By 2035 over 2 million people are predicted to be living with the effects of stroke, including many with disability and needing long-term care.
Change the story

I want to donate

Donation

£

Find out more about the predicted rise of stroke and the areas of stroke research which could have the greatest impact.

2 million

The estimated number of stroke survivors in the UK by 2035. That's more than double the current number.

£10 million

How much needs to be invested in prevention research that could change the story and save 114,000 people from having a stroke.

700,000

The number of people expected to be living with a long-term disability as a result of stroke by 2035.

The number of stroke survivors is expected to more than double in the next 20 years, meaning over 2 million people in the UK are anticipated to be living with the effects of stroke. As the ageing population grows, so too will the pressure on our already stretched health and social care services to treat and care for people affected by stroke.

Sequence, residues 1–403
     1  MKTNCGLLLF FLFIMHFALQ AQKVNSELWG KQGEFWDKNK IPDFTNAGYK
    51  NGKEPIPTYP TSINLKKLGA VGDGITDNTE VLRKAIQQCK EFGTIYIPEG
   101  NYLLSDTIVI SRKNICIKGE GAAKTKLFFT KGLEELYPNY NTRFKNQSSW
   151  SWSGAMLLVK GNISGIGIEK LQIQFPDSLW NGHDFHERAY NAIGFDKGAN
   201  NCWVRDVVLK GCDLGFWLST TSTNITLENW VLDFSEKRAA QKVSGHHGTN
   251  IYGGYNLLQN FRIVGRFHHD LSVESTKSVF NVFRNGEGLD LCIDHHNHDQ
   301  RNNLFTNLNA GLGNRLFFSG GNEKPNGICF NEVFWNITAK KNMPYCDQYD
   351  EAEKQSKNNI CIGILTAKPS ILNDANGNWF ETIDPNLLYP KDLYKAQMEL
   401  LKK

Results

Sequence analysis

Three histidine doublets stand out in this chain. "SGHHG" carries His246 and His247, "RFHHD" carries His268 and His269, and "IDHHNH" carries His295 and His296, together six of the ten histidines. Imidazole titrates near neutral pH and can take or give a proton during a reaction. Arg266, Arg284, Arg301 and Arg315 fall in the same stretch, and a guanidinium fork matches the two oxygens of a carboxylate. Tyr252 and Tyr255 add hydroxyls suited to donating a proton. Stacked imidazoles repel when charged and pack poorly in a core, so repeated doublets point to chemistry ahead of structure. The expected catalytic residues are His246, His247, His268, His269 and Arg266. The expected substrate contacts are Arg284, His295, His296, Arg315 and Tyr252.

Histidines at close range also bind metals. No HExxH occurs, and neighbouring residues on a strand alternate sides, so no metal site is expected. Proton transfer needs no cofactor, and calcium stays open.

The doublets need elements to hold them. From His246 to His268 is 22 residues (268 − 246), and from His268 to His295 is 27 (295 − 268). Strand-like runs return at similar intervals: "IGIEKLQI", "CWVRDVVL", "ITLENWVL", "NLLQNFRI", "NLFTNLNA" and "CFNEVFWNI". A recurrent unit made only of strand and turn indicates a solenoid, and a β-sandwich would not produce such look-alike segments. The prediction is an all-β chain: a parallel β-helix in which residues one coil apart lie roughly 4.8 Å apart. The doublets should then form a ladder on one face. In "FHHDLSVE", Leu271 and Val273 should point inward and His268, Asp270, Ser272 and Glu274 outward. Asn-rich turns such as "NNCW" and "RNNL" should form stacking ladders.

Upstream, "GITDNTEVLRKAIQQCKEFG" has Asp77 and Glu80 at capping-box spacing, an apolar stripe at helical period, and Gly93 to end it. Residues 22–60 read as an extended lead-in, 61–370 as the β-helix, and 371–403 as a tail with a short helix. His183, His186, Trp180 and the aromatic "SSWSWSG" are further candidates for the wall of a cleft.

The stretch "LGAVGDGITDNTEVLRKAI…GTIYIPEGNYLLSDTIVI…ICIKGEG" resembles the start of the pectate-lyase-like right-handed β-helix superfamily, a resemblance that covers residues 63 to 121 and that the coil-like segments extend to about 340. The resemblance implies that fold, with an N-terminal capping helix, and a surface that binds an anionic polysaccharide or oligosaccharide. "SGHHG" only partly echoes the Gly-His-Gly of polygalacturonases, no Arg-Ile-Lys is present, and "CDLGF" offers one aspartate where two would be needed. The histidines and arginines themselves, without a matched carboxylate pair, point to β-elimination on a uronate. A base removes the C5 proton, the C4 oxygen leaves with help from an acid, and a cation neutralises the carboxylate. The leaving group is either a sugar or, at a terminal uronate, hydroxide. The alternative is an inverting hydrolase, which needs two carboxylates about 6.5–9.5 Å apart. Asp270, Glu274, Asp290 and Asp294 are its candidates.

We need to do something now.

 

change_the_story_-_how_research_changed_the_story

 

Funding stroke research is the only way we will find more effective treatments and rehabilitation techniques. This would mean that more people could live independently, be less affected by disability, and less reliant on both care providers and their families.

 

We need to invest in cutting-edge research, develop and roll out new rehabilitation approaches, and understand the cognitive difficulties that can be associated with stroke. We also need to fund research that could stop stroke from happening.

 

A new report suggests that investing in stroke research to today could lead to a significant reduction in the burden of stroke in the future. To find out more, read part one of the Executive Summary.

 

With your support we can fund research that will reduce the number of strokes and help stroke survivors to make the best recovery and regain as much of their independence as possible. Find out how research changed the story for three stroke survivors.